Gimbals, steadicams, shoulder rigs and dollies are just a few of the ways in which filmmakers and content creators can get the necessary shot for their projects. With the advances that many companies have made, including cell phone manufacturers, the ability to film high-quality 4K images is at everyone’s fingertips.
Insert the DJI Osmo Pocket. Instead of using a standard gimbal with a GoPro, cell phone or a small prosumer or professional camera, DJI has seen fit to expand on their line of products with the Osmo Pocket. But is it worth the investment? Here are five things that everyone should consider before buying.
First and foremost, the display. The overall size of the display is incredibly small, significantly smaller than most cell phones today. With the limited display size, it makes it incredibly difficult to see what exactly is being filmed at times and to see the settings being used.
A second point to consider that plays into the display size issue is the fact that it’s hard to focus the camera. In testing, the camera would occasionally focus on background images or the wrong subject. Following a firmware update on December 14, the issue still persists; though DJI maintain that they intend to sort out the issue when the Osmo Pocket is released.
A third point to keep in mind is the fact that you are not able to access all menu settings from the display. For instance, if you were shooting in the standard picture profile and wanted to switch to shoot in log, you need to mount your smartphone to make changes. While it’s not the end of the world and isn’t too difficult, it is time-consuming and slightly counter-intuitive. The functionality, in this case, could certainly be streamlined with a future firmware update possibly.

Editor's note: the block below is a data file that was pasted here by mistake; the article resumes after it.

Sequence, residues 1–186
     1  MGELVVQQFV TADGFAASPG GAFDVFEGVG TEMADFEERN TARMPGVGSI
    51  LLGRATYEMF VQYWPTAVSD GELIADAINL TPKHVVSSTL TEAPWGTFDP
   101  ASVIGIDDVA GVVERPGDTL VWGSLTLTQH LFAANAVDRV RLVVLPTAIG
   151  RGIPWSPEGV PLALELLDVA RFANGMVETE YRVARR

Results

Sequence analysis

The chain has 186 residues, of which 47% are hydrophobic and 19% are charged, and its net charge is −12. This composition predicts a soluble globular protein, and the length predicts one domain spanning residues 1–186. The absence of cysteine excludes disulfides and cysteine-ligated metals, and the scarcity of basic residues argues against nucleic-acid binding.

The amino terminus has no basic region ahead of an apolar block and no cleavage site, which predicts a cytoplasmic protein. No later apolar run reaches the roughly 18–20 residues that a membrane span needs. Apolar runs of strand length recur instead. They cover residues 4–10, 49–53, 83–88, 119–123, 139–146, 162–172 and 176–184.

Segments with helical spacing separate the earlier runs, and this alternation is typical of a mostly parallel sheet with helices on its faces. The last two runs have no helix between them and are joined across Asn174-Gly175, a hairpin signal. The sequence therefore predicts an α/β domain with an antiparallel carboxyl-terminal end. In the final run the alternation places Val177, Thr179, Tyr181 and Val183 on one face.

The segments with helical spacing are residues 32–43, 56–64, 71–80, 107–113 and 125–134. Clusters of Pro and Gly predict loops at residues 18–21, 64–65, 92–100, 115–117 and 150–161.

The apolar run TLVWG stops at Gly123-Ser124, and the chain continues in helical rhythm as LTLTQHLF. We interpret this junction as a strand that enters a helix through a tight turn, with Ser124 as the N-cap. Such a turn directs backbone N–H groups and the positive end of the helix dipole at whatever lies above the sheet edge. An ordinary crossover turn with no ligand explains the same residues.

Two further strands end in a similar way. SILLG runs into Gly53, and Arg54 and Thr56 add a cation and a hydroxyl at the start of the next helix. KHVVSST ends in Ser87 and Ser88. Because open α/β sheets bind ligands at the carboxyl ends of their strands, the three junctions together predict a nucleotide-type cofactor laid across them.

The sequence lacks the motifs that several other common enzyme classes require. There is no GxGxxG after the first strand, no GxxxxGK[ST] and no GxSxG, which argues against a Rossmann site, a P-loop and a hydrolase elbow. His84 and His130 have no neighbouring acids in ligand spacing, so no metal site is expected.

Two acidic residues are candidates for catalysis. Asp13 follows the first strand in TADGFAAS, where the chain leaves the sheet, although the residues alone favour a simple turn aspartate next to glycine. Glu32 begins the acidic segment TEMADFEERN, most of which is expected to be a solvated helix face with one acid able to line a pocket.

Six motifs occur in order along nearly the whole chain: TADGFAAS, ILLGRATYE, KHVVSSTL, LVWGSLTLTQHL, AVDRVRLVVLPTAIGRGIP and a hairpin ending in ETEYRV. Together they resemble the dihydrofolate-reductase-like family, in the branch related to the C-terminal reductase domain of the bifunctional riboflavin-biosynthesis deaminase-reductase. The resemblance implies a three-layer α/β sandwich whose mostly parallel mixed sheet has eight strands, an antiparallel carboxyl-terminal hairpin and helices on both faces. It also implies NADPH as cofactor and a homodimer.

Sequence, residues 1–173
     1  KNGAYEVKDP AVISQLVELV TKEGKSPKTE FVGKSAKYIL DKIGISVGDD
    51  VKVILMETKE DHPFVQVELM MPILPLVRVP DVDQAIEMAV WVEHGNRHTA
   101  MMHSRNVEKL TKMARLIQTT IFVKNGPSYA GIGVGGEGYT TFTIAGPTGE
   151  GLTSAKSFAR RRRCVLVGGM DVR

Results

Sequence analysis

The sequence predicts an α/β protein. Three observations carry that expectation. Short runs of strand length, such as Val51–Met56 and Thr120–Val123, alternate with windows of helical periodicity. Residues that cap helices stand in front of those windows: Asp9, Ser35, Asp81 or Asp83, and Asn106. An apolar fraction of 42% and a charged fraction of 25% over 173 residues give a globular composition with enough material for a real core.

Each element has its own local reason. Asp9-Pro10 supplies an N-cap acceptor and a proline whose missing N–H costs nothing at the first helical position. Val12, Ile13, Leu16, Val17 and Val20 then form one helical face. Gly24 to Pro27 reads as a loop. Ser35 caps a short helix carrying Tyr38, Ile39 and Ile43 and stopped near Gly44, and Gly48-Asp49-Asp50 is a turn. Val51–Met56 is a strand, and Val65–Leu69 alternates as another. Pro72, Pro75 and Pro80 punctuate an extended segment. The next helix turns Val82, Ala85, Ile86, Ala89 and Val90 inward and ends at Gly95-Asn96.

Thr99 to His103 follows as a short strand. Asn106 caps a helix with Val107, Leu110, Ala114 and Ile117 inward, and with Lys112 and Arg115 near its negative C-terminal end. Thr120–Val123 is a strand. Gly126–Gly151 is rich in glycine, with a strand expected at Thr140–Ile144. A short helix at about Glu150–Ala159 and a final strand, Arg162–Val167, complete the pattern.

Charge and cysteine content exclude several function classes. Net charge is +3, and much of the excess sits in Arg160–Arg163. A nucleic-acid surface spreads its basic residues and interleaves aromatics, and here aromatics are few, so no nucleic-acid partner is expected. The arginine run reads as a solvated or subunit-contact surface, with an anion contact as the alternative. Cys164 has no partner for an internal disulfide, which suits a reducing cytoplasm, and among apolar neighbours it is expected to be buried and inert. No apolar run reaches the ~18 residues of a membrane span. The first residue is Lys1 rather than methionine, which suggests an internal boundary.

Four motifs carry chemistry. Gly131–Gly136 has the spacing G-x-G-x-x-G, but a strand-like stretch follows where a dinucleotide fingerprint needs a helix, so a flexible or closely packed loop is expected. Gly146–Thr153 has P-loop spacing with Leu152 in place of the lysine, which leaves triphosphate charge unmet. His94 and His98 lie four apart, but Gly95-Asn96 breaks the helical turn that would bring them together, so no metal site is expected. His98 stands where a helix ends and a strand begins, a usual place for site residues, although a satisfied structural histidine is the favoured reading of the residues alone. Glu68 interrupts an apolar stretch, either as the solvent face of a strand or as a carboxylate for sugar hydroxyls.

A fourth is the audio. The onboard mic is not the highest quality to begin with, though DJI claim that they did make some improvements with the update released on December 14. In testing it was found to have been very minor in the scheme of things, leaving a lot to be desired.
Another issue with the mic is the fact that it points at the person filming. If the operator intended to shoot an interview or scene with a second party, this would offer very little benefit and likely would serve as nothing more than a scratch audio track. You can get an external mic and hook it up but it sort of defeats the purpose of a lower cost, light and portable camera unit.
The final thing to consider is the price. For $350 it’s not a bad deal or product but consider this. For $99 you can purchase a Moza Mini-Mi gimbal that does virtually the same thing when paired with an iPhone Xs Max. With some testing, it was found that the image quality from the Xs Max was comparable and sometimes even better than the initial quality from the Osmo Pocket. In order to film in Log, however, you would need to download an app like Filmic Pro which would be an additional $15.
DJI Osmo Pocket Highlights
- Gimbal Camera with 1/2.3″ CMOS Sensor
- Compact 4.1 oz, 4.8″ High Design
- Up to 4K Video at 60 fps, up to 100 Mb/s
- Connects to Smartphone via Mimo App
- 12MP JPEG or DNG Raw Still Photos
- Includes Lightning & USB Type-C Adapters
- Optional Wi-Fi & Bluetooth Monitoring
- POV, ActiveTrack & FaceTrack Modes
- Standard Time-Lapse & Motionlapse
- NightShot & Panoramic Modes
If you already have a phone that films in 4K with HDR, the Osmo Pocket may not necessarily be the best option. On the other hand, if you’re a filmmaker that is looking for an all in one camera/gimbal unit for B-roll footage, vlogging, interviews and run and gun shooting then the Osmo Pocket may be worth considering.
[source: Armando Ferreira]
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